- Photo Credit: FCA

The Serpent Triad: Comparing Three Viper Generations

1w ago


It's been a while since I've done a Viper article. So here's another that should seem familiar to some of you. Yes, I am doing another Viper-dimensions article. However, we're doing something different. Instead of comparing the Viper to other cars, I'm comparing the Viper against its former selves. The Gen 2 and 4 versions of itself to be exact (and the Gen 5 depending on your perspective).

And no, there aren't only three Viper generations. There are five. Outside of the Gen 1, we're just covering the three major generations in this article: 2, 4, and 5. Lastly, I'm talking about the coupe versions of all the incarnations that were just mentioned. With the guidelines set, let's get into it!


Photo Credits: FCA

Gen 2 length: 176.7 inches (or 4,488 mm) long.

Gen 4 length: 175.6 inches (or 4,460 mm) long.

Gen 5 length: 175.7 inches (or 4,462 mm) long.

Despite what everyone says about older cars being smaller and lighter, this doesn't hold true for the Viper... apparently. Both the Gen 4 and 5 are shorter than their 90s self. How? I have absolutely no idea. Interestingly (but perhaps not surprisingly), the Gen 5 is just a tiny bit longer than the Gen 4. I suspect the rear overhang on the 5 has something to do with that.


Photo Credits: FCA

Gen 2 Wheelbase: 96.2 inches (or 2,443 mm) long.

Gen 4 Wheelbase: 98.8 inches (or 2,509 mm) long.

Gen 5 Wheelbase: 98.8 inches (or 2.509 mm) long.

Some won't be surprised by this and I'm certainly not. Despite the Gen 2 being longer overall, it actually has the shorter wheelbase. By a good 2.6 inches no less. That's not to say the Gen 4 and 5 don't have short wheelbases. Of course they do! Especially when you consider that an Audi TT's wheelbase is only .2 inches shorter (98.6 inches). Yet both generations of Viper have RWD and much more horsepower (and torque).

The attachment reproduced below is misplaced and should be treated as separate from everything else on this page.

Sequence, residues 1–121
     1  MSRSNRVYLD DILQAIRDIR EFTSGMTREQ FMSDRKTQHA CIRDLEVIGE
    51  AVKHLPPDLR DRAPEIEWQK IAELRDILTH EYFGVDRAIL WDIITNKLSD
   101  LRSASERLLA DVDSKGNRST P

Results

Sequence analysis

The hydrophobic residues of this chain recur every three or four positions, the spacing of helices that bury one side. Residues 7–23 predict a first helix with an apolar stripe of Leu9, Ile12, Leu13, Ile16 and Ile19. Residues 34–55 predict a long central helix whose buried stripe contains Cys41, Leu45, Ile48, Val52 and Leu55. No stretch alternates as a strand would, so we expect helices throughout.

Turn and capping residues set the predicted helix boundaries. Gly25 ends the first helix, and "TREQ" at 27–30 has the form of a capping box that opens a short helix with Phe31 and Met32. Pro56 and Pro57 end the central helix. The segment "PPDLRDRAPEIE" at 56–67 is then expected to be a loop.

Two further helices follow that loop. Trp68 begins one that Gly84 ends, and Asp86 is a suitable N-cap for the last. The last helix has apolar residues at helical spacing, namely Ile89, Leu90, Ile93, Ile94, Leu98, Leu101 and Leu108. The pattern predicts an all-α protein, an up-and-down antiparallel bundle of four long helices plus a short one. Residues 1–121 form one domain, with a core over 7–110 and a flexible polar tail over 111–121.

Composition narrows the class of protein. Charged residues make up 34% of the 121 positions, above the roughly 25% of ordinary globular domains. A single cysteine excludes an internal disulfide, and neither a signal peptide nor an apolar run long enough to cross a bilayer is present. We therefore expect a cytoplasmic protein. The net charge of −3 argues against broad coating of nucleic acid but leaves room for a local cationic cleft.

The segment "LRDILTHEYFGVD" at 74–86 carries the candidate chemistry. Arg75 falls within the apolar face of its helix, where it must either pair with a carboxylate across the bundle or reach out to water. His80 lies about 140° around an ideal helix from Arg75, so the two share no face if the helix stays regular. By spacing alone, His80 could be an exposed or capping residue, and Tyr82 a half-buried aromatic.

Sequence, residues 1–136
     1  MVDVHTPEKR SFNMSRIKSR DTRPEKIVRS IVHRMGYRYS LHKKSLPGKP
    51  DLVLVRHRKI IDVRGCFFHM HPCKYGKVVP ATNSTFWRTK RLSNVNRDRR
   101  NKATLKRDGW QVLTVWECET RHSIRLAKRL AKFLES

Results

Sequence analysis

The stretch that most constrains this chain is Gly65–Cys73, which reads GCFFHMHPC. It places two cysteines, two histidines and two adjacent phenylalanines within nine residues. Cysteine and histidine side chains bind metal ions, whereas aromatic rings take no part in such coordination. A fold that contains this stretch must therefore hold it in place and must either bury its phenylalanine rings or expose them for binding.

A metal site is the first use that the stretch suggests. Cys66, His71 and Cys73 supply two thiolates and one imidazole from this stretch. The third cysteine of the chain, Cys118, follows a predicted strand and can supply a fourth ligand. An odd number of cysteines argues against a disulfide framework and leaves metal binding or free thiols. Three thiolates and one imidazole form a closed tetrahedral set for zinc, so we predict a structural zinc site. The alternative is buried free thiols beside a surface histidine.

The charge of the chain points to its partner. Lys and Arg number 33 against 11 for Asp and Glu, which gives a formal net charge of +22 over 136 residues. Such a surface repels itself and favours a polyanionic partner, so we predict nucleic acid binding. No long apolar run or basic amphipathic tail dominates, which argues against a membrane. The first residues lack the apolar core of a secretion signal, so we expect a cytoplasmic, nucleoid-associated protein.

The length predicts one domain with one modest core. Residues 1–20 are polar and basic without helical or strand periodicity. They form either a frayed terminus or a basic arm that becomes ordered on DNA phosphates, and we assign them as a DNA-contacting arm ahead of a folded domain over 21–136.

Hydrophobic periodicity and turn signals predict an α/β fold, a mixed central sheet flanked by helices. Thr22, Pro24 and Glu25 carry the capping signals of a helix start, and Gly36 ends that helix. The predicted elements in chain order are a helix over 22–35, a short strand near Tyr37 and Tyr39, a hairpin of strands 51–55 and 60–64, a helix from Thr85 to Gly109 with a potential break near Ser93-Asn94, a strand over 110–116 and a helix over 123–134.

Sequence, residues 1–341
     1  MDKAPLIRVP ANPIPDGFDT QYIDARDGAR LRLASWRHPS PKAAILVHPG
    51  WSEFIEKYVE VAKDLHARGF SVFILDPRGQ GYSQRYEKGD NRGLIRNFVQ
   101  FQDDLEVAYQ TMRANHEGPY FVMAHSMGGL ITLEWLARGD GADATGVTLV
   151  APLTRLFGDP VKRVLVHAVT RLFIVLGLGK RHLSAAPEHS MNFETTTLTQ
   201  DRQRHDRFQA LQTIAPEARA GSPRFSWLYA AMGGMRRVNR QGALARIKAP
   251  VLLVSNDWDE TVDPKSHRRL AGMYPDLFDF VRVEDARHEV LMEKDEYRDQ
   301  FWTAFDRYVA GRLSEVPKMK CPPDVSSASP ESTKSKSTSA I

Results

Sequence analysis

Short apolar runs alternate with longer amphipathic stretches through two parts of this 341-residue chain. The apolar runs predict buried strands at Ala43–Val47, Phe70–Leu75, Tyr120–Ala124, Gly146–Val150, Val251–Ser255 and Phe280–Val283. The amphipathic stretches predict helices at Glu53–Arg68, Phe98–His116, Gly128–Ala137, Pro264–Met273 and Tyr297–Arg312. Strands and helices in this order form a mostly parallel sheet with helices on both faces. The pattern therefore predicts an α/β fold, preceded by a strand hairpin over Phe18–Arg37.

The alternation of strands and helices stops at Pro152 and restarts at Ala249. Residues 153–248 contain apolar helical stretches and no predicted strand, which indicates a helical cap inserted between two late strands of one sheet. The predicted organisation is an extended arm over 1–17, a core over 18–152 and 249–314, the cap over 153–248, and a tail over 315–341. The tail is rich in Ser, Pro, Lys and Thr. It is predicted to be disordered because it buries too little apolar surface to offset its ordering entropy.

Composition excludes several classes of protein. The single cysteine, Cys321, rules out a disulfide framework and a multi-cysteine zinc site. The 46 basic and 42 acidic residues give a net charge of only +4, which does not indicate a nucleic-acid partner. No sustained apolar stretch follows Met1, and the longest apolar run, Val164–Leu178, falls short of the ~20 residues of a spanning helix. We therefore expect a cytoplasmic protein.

Photo Credits: FCA

Gen 2 width: 75.7 inches (or 1,922 mm) wide.

Gen 4 width: 75.2 inches (or 1,910 mm) wide.

Gen 5 width: 76.4 inches (or 1,940 mm) wide.

Are you looking at the Gen 2 and 4 numbers? You should be! How, in the name of all that's holy, is the Gen 2 wider than the Gen 4!? That's a plot twist if I've ever seen one.

The Gen 5 numbers are also weird. It's not surprising that the former latest incarnation is wider than it's previous iterations. What's weird is how MUCH wider it is than it's Gen 4 self.

Overall Height:

Photo Credits: FCA

Gen 2 height: 47 inches (or 1,193 mm) tall.

Gen 4 height: 48.6 inches (or 1,234 mm) tall.

Gen 5 height: 49.1 inches (or 1,247 mm) tall.

Just so no one gets confused: Dodge made the double-bubble roof more prominent on the Gen 5. Which, obviously, results in its overall height increasing a bit.

Normally, I'd be talking about weight at this point in the article. However, I've been seeing information that is in conflict with what I thought was true. In short: Gen 2s and 4s seem to be very similar depending on whom you look at. These are the Gen 2 numbers from MotorTrend and Edmunds. And these are the Gen 4 numbers from MotorTrend and Edmunds.

The evidence doesn't stop there though. This post on the Viper Owner Association forum shows that a Gen 2 Viper does weigh about 3,400 pounds. Even though that specific Gen 2 does have an exhaust mod, the stock exhaust would probably be heavier. Which begs the question: How heavy is the stock exhaust?

Depending on the weight, it would put said Gen 2 JUST into the 3,500-pound mark. Which is what Car and Driver say a Gen 1 RT/10 roadster weighs. Keep in mind that Dodge did reduce the weight of the Viper when making the Gen 2. So if the Car and Driver numbers are accurate, it's very possible the Gen 2 does actually weigh under 3,500 pounds. For now though, let's just say that Gen 2 and 4s are pretty close, and Gen 5s are definitely lighter than both.

What did we learn? Well, the Gen 2 is the longest Viper generation, the Gen 4 and 5 have the same wheelbase, the Gen 5 is the widest Viper generation, the Gen 5 is the tallest Viper generation, and it's the lightest. Which means the Gen 4 is sort of the middle child. Except for in length and width, where it was the shortest and narrowest of the three Viper generations. Never in a million years would I have thought that. As the old saying goes: You learn something new every day.

… especially if you prove your own assumptions wrong inadvertently.

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